Boris Johnson back as London Mayor and rules out bid to be Prime Minister

15:19 05 May 2012

Prime Minister David Cameron and London Mayor Boris Johnson (right), at City Hall, London. Photo: Stefan Rousseau/PA Wire

Prime Minister David Cameron and London Mayor Boris Johnson (right), at City Hall, London. Photo: Stefan Rousseau/PA Wire

Re-elected Mayor of London Boris Johnson has promised to “work his socks off” for Londoners while also ruling out a return as an MP or a run at the Tory leadership.

In a result which most people expected but which turned out to be a lot closer than many thought, Mr Johnson was given a second term at City Hall when the gruelling election came to an end earlier this morning.

He polled 1,054,811 votes to Ken Livingstone’s 992,273.

Today, the Mayor said: “I think people were listening to what we had to say about taxes, getting rid of all sorts of unnecessary expenditure, putting it where people want to see it.

“It was a very hard-fought long campaign.”

Signing the declaration of office at City Hall, Mr Johnson said the election had given him a mandate to go forward with the controversial automation of the Tube.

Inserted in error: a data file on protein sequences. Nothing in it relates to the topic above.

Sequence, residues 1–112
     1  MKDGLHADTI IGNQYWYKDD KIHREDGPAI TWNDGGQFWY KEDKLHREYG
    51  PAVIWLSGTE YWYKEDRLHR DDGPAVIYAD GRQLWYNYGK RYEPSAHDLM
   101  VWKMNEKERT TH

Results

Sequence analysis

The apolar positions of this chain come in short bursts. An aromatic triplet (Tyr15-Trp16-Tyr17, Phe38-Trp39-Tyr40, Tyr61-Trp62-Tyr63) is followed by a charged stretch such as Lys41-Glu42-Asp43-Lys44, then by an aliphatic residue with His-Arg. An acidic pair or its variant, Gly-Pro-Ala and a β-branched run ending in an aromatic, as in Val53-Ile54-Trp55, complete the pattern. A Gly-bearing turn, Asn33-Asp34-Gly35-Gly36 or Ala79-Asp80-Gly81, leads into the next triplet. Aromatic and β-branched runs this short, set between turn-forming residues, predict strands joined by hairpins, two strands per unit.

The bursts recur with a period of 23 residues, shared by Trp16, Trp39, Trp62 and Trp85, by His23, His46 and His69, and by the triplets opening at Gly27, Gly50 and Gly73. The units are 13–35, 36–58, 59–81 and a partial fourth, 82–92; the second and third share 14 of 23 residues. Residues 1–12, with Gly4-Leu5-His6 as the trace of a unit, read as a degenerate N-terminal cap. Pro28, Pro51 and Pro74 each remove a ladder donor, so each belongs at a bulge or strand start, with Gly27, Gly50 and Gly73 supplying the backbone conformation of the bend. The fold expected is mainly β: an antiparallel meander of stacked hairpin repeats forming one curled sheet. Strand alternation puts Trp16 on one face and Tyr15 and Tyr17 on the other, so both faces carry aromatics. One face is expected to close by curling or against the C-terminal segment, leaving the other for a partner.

Watched by Met Police commissioner Bernard Hogan-Howe, he added the result also gave him a mandate to keep police numbers high.

He promised to “work his socks off” and stand up for London in Whitehall.

Interviewed on LBC radio, Mr Johnson was asked if he would attempt to be re-elected to parliament in two or three years’ time, allowing him to position himself as a future Tory leader.

He replied: “I’m going to say this categorically that the answer to that is no, I don’t want to do that. I want to discharge my mandate and my duty.”

Mr Johnson’s father Stanley refused to rule out the possibility of his son as future leader saying: “Who knows?”

Asked by the BBC why Boris bucked the national trend, he said: “Because he had the charisma and because people believe he is a man that says what he means and he does what he says and that’s something that counts.”

Prime Minister David Cameron said he was “delighted” by Mr Johnson’s mayoral victory.

Speaking at City Hall, Mr Cameron said “I think it was a very strong campaign by Boris. It was based on his record, on the excellent things he has done out there and I am delighted to congratulate him.

“It was a campaign the whole Conservative party got behind.

“I enjoyed campaigning for Boris but now what matters is working together for the good of London, as PM, as Mayor, and that is exactly what we are going to do.”

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